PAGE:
If you believe that the merger wave is far from cresting and that
the future promises a landscape of perhaps two or three dozen truly
international mega-firms with revenues north of  $1-billion/year—but
you’re currently at less than half that level—how might you
get there from here?

Reed-Smith’s answer is "Reed
Smith University,"
a collaborative
effort with the Wharton School at the University of Pennsylvania.  Patterned
on executive-education programs commonplace in corporate America,
the plan calls for five different
schools: leadership, business development, technology, professional
support and law.  Interestingly, only the "leadership" division
will primarily be taught by Wharton professors; faculty for the other
four schools will be Reed-Smith partners themselves, albeit under
the tutelage of Wharton.  Fine, say you, but no big deal?  Haven’t
law firms been doing professional development since the days of apprenticeship?

Not remotely like this, say I.  "RSU" is not an ad
response to junior partners behaving awkwardly when it
comes to client development, far less to technophobic lawyers confronted
with the mandate to get seriously on board with everything from
KM to CRM to Blackberry’s.  Instead, I read it as a thoughtful,
long-term, and serious ($500,000/year in baseline operating expenses)
commitment to change the firm’s managerial culture.  Over
time, the focus will shift to the truly strategic questions management
is entrusted and empowered to address:

  • are we investing in the right practice areas?
  • are we investing in the right industries?
  • is our geographic footprint rational given macroeconomic trends?
    (Reed-Smith, recall, hails from Pittsburgh:  Not the most
    often mentioned home base for hyper-growth and innovation in the
    21st Century.)
  • are we focused on developing the optimal client base?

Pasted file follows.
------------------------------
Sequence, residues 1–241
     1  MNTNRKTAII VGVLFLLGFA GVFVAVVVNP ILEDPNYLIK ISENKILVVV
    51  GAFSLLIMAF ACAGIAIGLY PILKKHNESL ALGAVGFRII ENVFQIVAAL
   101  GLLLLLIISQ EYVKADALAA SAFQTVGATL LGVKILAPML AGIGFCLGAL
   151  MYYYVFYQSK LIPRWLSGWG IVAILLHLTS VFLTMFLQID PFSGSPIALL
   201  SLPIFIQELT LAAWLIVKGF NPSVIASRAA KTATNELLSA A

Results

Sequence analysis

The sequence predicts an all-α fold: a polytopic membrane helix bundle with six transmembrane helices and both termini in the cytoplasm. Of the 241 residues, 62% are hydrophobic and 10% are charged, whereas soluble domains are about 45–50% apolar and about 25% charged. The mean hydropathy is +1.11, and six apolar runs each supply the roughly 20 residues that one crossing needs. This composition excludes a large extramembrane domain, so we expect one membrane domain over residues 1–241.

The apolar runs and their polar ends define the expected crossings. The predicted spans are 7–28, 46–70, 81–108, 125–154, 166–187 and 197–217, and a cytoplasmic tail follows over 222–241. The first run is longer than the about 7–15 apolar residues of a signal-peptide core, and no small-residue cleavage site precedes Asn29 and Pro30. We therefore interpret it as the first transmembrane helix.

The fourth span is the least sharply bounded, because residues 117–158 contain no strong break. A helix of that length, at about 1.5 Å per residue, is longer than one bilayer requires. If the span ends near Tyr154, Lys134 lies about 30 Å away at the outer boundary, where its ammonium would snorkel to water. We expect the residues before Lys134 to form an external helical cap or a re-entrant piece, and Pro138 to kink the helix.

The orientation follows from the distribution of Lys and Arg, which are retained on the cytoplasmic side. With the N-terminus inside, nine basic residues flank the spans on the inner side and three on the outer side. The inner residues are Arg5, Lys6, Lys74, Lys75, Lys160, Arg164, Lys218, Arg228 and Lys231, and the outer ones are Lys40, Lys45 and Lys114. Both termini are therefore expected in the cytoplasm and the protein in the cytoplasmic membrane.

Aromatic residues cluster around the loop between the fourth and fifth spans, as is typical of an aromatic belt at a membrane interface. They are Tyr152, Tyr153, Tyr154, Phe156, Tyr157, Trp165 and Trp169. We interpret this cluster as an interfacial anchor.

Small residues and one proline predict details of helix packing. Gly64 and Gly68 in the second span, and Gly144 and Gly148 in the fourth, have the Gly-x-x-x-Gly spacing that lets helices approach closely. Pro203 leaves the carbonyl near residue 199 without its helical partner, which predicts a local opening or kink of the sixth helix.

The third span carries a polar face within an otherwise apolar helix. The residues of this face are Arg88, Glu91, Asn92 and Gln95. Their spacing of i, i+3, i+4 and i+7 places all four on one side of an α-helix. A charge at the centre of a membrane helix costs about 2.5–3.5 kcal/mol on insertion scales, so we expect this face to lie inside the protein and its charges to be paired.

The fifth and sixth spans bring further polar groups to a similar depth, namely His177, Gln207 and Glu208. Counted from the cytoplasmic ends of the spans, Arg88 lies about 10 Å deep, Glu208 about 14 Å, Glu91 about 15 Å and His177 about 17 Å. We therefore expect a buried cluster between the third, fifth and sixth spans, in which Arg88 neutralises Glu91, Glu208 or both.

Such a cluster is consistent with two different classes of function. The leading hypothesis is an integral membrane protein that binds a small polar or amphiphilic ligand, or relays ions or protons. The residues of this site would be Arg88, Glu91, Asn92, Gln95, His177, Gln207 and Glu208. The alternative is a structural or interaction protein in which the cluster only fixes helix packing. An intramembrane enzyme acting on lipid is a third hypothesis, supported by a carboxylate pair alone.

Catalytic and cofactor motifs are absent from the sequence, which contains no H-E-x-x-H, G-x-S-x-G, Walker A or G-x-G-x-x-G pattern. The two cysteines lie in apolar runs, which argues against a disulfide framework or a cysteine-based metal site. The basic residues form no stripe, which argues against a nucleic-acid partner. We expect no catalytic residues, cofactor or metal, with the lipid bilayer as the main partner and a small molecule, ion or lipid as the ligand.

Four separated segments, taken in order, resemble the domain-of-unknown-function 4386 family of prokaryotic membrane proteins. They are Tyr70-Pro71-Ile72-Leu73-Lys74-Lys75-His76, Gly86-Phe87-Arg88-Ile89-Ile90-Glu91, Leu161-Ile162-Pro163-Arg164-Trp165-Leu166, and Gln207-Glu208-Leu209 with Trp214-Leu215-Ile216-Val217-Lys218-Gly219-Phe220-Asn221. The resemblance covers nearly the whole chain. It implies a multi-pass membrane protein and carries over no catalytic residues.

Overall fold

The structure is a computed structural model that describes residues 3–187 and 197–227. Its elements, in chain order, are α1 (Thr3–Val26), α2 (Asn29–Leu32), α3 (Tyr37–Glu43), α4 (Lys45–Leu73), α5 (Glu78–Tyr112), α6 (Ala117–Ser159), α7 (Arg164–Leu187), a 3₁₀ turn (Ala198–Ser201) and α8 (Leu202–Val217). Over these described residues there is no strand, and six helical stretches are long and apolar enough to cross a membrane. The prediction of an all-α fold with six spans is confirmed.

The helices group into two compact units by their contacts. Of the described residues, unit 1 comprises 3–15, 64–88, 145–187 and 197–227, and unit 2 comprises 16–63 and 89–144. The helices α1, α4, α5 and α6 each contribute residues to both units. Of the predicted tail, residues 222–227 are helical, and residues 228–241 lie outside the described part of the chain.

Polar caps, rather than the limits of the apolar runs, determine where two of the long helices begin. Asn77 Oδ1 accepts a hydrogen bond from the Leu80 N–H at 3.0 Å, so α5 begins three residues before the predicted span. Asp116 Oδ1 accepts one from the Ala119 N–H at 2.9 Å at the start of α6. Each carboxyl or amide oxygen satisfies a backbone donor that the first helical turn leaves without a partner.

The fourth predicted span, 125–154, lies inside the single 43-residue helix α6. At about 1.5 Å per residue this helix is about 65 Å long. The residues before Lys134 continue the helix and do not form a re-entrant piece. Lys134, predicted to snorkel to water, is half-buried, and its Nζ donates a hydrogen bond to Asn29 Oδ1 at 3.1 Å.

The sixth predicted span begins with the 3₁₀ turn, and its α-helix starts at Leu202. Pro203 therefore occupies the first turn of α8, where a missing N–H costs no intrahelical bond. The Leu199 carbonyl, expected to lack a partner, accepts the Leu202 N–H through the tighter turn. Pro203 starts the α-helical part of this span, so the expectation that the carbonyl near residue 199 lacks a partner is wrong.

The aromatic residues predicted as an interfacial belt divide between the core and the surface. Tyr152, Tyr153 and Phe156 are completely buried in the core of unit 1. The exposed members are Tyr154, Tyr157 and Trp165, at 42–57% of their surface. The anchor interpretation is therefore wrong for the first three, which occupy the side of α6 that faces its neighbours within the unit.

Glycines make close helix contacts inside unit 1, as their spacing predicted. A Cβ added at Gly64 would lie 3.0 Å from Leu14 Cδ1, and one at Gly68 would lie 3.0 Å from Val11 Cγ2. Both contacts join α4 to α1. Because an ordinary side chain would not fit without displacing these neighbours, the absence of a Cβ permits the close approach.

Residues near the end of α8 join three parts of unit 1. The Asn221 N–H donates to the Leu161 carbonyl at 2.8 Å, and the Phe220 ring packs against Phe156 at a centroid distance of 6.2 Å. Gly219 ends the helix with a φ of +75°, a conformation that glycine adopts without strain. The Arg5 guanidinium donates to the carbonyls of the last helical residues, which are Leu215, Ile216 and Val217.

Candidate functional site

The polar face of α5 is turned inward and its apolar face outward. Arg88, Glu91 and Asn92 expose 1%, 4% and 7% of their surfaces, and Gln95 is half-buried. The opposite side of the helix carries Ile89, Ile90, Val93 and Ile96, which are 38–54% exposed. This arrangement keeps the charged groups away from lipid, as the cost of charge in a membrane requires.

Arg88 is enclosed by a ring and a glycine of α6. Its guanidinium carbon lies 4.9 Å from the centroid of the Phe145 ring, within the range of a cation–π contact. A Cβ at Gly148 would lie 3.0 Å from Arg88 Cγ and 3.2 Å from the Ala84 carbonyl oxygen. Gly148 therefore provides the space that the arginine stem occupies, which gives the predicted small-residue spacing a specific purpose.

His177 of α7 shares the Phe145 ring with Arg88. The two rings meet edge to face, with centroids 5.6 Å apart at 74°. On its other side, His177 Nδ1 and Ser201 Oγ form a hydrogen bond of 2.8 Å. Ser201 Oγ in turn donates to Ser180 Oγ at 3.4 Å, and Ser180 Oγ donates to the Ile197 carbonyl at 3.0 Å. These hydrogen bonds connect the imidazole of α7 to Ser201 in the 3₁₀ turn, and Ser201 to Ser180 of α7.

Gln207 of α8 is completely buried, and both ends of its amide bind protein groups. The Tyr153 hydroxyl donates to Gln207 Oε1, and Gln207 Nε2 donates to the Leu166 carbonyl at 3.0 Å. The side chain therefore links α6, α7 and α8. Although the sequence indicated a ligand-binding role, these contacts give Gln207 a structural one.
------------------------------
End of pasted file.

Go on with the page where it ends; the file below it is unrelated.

• by the time they’re up for partner, have our associates developed
    the panoply of skills they will need?
  • etc.

According to Reed-Smith partners Michael Pollack ("dean" of the
leadership school) and John Smith III ("chancellor" of RSU):

“One of the most immediate things I think that we’ll be
able to see and feel, even if it’s not completely subject to scientific
measurement, is how much less time senior management is needed for
some of the day-to-day business decisions that get made in the firm,” he
"As people gain confidence and improve their skills and their ability to
take ownership of problems and make decisions, that will allow the senior
management to focus on bigger problems and bigger issues and bigger opportunities."

Smith and Pollack both suggest that RSU’s value will be recognized
as they see improvement in the way the firm’s practice groups are

Note that last prediction closely:  Improvement in the way
the firm’s practice groups are managed.
  I am becoming an
increasingly vocal proponent of the position that the proper "scale"
for analysis of a firm’s strategic and financial performance is the
scale of the practice group.  "The firm" is too large a scale,
and "the partner" is too small a scale, and both are subject to exogenous
vicissitudes not under their control.

But the astute management of a practice group, over time, will show
its true colors.  Now,  how long before competitors adopt
Reed-Smith’s forward thinking?

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